Value of Histopathology in Predicting Microsatellite Instability in Hereditary Nonpolyposis Colorectal Cancer and Sporadic Colorectal Cancer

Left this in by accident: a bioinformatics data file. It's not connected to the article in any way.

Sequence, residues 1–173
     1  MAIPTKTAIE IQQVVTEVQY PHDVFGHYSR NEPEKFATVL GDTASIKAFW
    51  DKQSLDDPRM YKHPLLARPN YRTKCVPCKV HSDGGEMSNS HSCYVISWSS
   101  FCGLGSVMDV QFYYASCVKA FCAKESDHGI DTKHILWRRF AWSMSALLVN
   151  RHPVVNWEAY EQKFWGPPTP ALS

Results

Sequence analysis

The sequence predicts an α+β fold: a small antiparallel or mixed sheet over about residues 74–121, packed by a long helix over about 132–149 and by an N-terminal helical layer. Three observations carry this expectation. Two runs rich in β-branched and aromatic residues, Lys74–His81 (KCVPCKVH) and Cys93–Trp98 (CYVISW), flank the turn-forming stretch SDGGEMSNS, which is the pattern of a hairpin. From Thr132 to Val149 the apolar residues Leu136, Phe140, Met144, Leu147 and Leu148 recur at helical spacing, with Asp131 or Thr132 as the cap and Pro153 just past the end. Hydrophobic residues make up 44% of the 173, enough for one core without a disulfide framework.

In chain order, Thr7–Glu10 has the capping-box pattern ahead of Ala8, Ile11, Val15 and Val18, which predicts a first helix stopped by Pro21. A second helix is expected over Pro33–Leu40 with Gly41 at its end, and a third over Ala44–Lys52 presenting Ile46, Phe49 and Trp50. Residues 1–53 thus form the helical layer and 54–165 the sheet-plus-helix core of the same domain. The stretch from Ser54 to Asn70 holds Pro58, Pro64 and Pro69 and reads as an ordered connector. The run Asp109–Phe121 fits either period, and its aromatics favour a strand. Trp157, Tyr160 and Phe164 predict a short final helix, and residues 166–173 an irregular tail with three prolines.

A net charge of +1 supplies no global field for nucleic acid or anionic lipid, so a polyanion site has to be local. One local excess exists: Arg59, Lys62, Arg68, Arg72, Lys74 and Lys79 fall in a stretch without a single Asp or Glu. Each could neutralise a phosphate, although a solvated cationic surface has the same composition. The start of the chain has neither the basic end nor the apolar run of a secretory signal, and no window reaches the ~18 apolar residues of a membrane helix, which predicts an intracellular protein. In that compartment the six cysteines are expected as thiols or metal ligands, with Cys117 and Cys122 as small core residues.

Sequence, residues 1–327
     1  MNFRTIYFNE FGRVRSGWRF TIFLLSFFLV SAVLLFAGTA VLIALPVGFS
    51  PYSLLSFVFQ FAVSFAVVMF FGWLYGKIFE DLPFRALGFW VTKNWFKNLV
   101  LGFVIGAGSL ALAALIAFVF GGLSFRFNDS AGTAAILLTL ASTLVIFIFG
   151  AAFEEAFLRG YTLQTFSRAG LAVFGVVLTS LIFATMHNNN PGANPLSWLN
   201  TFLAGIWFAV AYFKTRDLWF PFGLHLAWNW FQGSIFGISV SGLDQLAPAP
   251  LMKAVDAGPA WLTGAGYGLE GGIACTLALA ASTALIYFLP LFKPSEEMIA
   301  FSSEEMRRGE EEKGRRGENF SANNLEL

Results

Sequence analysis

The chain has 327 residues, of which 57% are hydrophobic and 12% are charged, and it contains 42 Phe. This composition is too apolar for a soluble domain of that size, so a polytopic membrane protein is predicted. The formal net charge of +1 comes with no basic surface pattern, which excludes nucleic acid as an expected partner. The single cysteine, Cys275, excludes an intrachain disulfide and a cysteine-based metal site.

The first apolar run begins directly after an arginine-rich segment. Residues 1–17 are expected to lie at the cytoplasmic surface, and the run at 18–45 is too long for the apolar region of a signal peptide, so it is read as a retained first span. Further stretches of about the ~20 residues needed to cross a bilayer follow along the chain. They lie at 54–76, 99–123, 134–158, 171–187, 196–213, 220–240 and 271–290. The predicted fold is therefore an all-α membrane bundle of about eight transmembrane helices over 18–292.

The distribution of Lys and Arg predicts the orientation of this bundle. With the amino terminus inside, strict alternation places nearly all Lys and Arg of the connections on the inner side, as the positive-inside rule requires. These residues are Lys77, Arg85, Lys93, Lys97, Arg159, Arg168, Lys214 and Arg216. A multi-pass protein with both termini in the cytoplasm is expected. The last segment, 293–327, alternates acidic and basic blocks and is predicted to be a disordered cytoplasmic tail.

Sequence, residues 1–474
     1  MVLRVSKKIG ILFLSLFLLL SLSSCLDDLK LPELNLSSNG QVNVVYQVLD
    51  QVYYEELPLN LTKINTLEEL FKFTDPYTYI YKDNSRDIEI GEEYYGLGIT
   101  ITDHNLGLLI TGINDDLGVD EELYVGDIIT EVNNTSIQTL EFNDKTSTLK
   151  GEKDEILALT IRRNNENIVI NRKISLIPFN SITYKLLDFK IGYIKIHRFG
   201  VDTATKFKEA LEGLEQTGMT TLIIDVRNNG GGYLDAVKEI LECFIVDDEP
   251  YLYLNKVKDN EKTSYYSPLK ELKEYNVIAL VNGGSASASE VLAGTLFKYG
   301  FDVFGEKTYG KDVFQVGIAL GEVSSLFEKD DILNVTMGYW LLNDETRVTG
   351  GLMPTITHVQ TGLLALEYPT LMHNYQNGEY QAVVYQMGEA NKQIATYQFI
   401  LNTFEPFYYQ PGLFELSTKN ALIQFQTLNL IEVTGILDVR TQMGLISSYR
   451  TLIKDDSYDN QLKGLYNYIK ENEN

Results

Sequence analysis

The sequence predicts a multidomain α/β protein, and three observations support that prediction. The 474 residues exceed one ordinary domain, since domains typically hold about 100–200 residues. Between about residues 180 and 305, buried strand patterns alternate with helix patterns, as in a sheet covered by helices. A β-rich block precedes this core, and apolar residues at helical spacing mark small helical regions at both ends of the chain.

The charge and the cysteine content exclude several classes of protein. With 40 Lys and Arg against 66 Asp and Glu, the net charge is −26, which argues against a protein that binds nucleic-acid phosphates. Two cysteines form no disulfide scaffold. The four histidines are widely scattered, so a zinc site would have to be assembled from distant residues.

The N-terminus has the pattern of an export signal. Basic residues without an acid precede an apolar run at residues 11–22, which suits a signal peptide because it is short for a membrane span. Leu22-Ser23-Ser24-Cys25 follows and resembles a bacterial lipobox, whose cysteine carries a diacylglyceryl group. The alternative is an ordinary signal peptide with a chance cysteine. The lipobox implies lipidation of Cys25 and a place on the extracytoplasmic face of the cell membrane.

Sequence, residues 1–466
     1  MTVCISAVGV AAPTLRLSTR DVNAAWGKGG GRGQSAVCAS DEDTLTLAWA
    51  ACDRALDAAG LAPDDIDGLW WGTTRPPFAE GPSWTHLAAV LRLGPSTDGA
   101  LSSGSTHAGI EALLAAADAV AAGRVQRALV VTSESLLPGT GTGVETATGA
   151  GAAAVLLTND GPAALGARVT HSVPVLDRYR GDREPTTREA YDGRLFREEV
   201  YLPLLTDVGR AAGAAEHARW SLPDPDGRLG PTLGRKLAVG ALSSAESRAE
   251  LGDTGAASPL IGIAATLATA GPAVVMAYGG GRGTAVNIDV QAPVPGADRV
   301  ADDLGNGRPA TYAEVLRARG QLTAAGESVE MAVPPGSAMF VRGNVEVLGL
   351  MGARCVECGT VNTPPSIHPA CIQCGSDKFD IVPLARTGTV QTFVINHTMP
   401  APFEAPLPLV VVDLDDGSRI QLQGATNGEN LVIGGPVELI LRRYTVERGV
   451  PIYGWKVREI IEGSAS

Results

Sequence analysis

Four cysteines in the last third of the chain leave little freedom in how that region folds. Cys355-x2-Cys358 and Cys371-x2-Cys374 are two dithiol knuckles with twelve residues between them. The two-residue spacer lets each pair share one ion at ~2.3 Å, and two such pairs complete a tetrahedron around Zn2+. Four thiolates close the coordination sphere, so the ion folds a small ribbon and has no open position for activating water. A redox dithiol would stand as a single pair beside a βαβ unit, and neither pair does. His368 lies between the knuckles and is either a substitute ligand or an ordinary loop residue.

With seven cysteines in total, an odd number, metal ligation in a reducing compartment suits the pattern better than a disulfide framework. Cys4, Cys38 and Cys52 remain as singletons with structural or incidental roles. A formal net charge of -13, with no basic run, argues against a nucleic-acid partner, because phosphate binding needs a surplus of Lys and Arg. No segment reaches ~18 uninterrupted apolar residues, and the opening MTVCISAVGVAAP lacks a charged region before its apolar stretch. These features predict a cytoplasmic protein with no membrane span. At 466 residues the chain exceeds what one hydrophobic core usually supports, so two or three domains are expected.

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Identification of colorectal carcinomas with high levels of DNA microsatellite instability (MSI-H) is important because of the suggested prognostic and therapeutic significance associated with MSI. The role of histology in identifying MSI-H colorectal carcinomas has been suggested by some studies but not confirmed by others. Furthermore, previous studies assumed that hereditary nonpolyposis colorectal cancer (HNPCC)-associated MSI-H tumors and sporadic MSI-H tumors have similar histology. This assumption, however, has been challenged by more recent studies. In this report, we first analyzed the value of various histologic features in predicting MSI-H in a series of 218 colorectal carcinomas containing mixed HNPCC and sporadic cases [77 tumors (35%) were MSI-H by polymerase chain reaction (PCR) method]. Then, we evaluated the various histologic features comparatively in two groups extracted from the 218 cases. Group A was composed of 84 tumors from 82 patients obtained based on a strong family history (HNPCC/HNPCC-like group) (male to female ratio, 42:40; age range, 23-80 years, median, 53.5 years). Thirty-one of the 84 tumors (41.7%) were MSI-H by PCR, and all 31 cases were HNPCC by Amsterdam criteria. Group B was composed of 109 patients with no family history of colorectal cancer or HNPCC-associated cancer, obtained from surgical clinics (sporadic group) (male to female ratio, 65:69; age range, 31-84 years, median, 65 years). Thirty-five of the 109 tumors (32.1%) were MSI-H by PCR. Our results showed that, overall, poor tumor differentiation, medullary type, mucinous type, signet-ring cell component, histologic heterogeneity, and increased tumor-infiltrating lymphocytes (TILs) were features more commonly seen in MSI-H tumors than in non-MSI-H tumors. Comparative analyses showed that the overall TIL count was significantly higher in HNPCC/HNPCC-like group, and mucinous type appeared to be more frequent in HNPCC MSI-H tumors than in sporadic MSI-H tumors. However, there was no significant difference in the odds ratio for predicting MSI-H status for any of the analyzed histologic features between HNPCC/HNPCC-like group and sporadic group, indicating that differences between HNPCC and sporadic MSI-H tumors did not significantly impact on the informative value of histology in predicting MSI in the two different clinical settings. TIL counts followed by histologic heterogeneity provided the greatest sensitivity and specificity in predicting MSI status in both HNPCC/HNPCC-like and sporadic cases. Using a stepwise logistic regression model, a formula was generated that could be used to calculate the probability of a colorectal carcinoma being MSI-H based on morphologic features.